Wednesday, March 4, 2009
Review: Dear Zachary: A Letter to a Son About his Father
Dear Zachary: A Letter to a Son About his Father (2008) (Documentary)
This is the most depressing and gut wrenching documentary I have ever seen. Never in my life have I sobbed like this during a documentary. The pure emotion that is contained in this film is something to behold. The film has flaws. Its totally biased and makes no effort to even be in the slightest objective. But for me in this case it does not matter. The film was made by the very good friend of Andrew Bagby who had been shot to death 5 times by his ex girlfriend Shirley Turner. She has a son Zachary that is Andrew's. Kate and David are Andrew's parents and they want to raise the kid themselves instead of letting their son's murderer raise him who fled the country and is now walking free in Canada her home country. The film follows Kate and David's experience trying to gain custody of Zachary as well as interviews with tons of people who knew Anthony. Kurt the filmmaker has pure rage and wants to give you as much high voltage emotion as possible so you can feel what everyone in the film feels. You feel like you know ANthony as a person by the end and you hate it that he is dead. Absolutely hate it. It breaks you. You want to hug Kate and David who go through so much in the course of this film and who are truly incredible people. And then something happens as Kurt is making this film. Something horrible that cuts you to pieces and I'm still trying to put myself back together.
I liked the fast way it was edited together because I felt that it served the purposes of Kurt very well. He's not looking for a slow experience. He wants to overflow you with the emotions and try to put the unaware viewer as closely aligned with what these people are feeling as possible. He want us to feel the passion and love that everyone had for Anthony. And to see the scope of how many people loved him because so many people did. Its a film about emotion and anger and sadness and because the filmmaker is first hand strongly connected to the subject matter, with other films this might cause some problems objectively but here it helps the film and gives it a life that most documentaries do not have because they are too busy trying to be unbiased. The iflm makes no attempt to excuse Turner for her actions, frankly nor should it. I would have liked to learn more about her and her problems and it sucked learning that she has kids at the end of the film and seeing that they were not interviewed about what she was like. Why? Because Kurt, Kate, David and anyone watching the film who knew Anthony do not give a shit about Shirley and her issues. They hate her. And considering what happens later in the film....jesus.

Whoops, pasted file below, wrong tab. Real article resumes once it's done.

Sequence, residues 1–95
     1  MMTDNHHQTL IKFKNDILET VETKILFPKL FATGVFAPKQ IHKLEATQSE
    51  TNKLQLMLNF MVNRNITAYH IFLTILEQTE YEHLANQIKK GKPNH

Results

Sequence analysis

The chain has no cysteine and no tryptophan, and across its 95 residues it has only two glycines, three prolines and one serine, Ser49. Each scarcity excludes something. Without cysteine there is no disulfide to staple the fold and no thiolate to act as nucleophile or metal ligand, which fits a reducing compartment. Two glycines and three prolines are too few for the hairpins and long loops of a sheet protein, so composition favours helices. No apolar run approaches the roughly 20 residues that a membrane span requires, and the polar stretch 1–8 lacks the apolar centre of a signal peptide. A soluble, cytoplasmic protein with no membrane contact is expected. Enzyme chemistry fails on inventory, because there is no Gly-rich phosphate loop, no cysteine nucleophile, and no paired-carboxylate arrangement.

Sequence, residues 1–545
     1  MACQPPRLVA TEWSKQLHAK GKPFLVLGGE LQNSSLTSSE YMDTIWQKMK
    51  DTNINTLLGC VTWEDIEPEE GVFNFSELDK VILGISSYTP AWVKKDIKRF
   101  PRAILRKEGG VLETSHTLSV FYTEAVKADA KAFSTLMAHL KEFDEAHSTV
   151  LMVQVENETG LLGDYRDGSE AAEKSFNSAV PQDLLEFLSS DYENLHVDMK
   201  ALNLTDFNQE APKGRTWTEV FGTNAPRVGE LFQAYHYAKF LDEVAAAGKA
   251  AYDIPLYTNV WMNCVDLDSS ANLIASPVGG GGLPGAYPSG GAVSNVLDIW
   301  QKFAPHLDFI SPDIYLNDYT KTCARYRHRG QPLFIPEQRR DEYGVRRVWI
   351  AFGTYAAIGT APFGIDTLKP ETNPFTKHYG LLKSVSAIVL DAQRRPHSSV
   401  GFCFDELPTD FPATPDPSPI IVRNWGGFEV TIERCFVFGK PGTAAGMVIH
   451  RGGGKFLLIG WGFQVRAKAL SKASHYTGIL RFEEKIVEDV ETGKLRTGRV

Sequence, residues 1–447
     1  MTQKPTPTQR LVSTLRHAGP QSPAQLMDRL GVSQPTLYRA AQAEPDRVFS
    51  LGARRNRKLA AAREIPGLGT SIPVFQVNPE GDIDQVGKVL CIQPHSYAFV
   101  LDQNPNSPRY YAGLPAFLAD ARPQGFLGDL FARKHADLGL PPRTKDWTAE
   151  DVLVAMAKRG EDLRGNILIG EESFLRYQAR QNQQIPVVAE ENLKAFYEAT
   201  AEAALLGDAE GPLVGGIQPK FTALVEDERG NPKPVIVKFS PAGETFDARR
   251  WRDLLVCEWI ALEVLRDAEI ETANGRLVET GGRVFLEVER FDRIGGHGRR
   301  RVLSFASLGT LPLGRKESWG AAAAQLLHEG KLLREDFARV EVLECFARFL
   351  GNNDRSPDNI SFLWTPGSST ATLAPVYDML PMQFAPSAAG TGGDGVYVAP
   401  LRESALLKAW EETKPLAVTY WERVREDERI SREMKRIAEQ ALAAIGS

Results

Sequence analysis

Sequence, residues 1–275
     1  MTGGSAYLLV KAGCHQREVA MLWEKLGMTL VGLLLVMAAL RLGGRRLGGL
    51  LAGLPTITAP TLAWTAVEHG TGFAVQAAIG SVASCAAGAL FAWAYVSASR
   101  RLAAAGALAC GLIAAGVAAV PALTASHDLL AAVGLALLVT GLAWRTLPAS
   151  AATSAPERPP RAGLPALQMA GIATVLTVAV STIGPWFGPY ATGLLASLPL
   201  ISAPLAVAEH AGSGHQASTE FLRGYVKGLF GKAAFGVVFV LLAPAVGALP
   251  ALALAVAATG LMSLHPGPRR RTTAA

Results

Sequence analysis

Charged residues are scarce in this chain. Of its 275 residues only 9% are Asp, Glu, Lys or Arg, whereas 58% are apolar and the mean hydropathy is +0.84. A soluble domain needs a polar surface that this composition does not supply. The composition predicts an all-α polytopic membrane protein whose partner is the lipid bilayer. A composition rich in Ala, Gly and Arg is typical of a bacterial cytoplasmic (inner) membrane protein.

So in conclusion another documentary from 2008 that is better than "Man on Wire". One that is not perfect from an objective point of view but in a way if they had fixed these errors, the film would be more flawed. So in a way its perfect. It is the rare case in which a documentary that relies on pure emotion and subjectiveness is all the better for it. Bring a couple of boxes of tissues to this film.....Seriously. You will sob. And if you don't cry than you are inhuman as another reviewer wrote of the people watching this film.